Slowly, the books began to grow in a new stack. Each had a note behind the cover, listing information she had found that she thought may be helpful. Vhalla hardly noticed her vertical workload diminishing as soldiers began to carry books out armfuls at a time. She also did not turn to say goodbye as her friends wearily departed throughout the night.

  Though her energy was fading, the more books that left the room, the more she was compelled to read. Gradually, warmth budded within her. Slowly at first, then growing with each passing hour until it flourished into a blazing heat.

  The sound of the last book closing woke her from her trance. Vhalla blinked at her empty ink-stained hands. In the sunlight, she turned her eyes toward the heavens, and she stared tiredly at the magnificent rainbow of colored glass that ran the length of the ceiling. Dawn had arrived, and she could not even remember the night. Two hands clasped themselves tightly around her swaying shoulders.

  Blinking the haze from her eyes, Vhalla looked at the man who appeared suddenly before her. An unfamiliar face stared back. He was a Southern man with icy blue eyes, goatee, and short blonde hair. While he wasn’t menacing, she was certain that he was no one she had ever seen.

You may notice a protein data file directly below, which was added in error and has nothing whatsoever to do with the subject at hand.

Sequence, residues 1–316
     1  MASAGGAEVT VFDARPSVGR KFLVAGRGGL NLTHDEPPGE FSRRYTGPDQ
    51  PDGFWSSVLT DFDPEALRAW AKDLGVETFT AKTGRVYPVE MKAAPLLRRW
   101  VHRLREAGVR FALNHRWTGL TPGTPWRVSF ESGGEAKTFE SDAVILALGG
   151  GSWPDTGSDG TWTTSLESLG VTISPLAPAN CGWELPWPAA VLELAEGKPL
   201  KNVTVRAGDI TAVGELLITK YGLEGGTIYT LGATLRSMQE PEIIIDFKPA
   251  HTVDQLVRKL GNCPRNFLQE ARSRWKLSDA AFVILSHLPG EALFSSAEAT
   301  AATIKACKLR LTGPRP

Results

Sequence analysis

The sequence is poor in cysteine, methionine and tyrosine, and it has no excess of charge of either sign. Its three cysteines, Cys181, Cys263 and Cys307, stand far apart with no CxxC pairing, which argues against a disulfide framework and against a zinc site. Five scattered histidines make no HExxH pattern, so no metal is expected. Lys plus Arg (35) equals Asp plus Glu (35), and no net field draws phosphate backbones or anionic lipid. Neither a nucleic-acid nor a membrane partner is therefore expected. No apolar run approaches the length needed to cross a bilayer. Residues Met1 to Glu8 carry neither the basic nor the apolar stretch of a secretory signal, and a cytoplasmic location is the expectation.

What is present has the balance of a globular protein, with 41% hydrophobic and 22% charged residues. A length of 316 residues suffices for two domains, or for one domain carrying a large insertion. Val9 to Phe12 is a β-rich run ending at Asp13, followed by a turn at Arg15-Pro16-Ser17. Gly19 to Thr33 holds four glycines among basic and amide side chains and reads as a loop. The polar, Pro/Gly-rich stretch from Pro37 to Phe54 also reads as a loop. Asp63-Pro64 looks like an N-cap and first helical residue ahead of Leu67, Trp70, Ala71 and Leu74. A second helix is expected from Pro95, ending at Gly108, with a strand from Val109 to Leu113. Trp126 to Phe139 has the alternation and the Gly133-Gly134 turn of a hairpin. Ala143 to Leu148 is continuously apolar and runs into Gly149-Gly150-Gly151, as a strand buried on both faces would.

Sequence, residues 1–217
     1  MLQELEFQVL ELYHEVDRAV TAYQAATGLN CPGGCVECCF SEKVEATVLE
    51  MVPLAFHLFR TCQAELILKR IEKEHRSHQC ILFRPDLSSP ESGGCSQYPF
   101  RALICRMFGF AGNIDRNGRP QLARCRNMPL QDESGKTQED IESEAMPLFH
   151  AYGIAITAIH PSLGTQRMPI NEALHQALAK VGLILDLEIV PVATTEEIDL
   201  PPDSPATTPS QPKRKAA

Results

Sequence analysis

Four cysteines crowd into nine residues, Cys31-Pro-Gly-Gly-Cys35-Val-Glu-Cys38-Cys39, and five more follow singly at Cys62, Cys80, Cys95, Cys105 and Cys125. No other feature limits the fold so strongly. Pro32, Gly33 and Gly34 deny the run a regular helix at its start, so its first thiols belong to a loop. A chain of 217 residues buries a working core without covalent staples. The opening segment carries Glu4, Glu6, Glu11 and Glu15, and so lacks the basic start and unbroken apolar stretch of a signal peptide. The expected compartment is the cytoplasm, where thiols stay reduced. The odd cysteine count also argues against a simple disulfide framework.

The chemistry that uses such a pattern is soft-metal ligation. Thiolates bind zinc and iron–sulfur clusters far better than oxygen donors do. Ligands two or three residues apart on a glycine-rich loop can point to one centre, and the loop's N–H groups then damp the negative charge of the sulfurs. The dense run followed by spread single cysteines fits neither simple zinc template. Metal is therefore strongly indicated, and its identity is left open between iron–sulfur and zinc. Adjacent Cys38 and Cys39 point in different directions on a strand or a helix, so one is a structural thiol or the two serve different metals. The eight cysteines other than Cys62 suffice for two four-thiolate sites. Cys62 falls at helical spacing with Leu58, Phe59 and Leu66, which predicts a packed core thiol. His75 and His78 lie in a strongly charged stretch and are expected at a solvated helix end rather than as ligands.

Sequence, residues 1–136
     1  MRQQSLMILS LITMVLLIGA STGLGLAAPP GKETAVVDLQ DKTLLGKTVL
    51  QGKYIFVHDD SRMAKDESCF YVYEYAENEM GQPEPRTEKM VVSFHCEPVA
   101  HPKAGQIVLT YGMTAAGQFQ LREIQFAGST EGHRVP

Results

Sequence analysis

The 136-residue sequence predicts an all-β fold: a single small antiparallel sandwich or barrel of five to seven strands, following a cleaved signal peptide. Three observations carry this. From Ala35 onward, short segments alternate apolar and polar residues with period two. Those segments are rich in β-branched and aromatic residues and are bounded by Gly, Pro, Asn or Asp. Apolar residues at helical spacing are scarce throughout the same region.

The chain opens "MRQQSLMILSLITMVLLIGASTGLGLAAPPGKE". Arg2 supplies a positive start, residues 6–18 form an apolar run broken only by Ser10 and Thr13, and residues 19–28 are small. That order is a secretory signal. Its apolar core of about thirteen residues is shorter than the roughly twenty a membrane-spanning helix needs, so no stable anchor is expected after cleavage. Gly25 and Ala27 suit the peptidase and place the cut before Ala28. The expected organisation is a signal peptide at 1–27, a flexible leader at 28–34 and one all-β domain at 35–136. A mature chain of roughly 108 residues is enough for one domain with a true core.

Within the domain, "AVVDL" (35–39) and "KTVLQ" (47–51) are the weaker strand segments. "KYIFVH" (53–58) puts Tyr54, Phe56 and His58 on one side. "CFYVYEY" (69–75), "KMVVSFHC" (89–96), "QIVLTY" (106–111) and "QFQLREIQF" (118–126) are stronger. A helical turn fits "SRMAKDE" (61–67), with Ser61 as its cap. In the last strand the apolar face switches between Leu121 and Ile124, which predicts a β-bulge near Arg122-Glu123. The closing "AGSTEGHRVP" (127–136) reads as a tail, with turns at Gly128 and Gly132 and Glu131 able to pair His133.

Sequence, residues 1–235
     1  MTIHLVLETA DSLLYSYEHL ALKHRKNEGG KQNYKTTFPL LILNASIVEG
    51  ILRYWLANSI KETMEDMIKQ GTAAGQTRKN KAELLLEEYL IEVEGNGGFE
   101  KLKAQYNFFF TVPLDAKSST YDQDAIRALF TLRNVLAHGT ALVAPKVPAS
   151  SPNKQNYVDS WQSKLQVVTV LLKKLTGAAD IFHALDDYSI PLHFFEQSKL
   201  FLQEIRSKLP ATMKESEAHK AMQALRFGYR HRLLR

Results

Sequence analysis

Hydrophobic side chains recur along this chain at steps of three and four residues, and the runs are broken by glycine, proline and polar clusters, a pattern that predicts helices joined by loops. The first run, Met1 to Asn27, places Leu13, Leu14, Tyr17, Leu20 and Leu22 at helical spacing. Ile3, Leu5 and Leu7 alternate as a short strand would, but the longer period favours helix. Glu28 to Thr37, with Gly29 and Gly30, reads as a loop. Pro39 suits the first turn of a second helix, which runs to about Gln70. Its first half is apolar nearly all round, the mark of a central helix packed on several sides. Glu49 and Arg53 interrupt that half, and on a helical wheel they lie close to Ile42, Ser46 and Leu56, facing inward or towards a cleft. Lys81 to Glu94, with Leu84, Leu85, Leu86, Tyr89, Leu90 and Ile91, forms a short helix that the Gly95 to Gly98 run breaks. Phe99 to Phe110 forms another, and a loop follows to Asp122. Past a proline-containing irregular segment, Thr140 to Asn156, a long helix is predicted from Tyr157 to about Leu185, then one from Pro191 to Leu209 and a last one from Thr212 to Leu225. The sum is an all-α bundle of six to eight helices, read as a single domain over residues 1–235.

“This is the one?” He spoke to someone else, though his eyes were fixed on her.

  “It is, minister,” another unfamiliar voice replied.

  “Thank you. You are dismissed,” the Southern man ordered. Footsteps faded away with the sound of clinking armor.

  “Who are you?” Vhalla’s tongue found life again, the daze of feverish heat fading. She tried to make sense of who this man was and why he was touching her. Her eyes settled upon a crisp black jacket. It contrasted starkly to the morning light. No one in the palace wore black.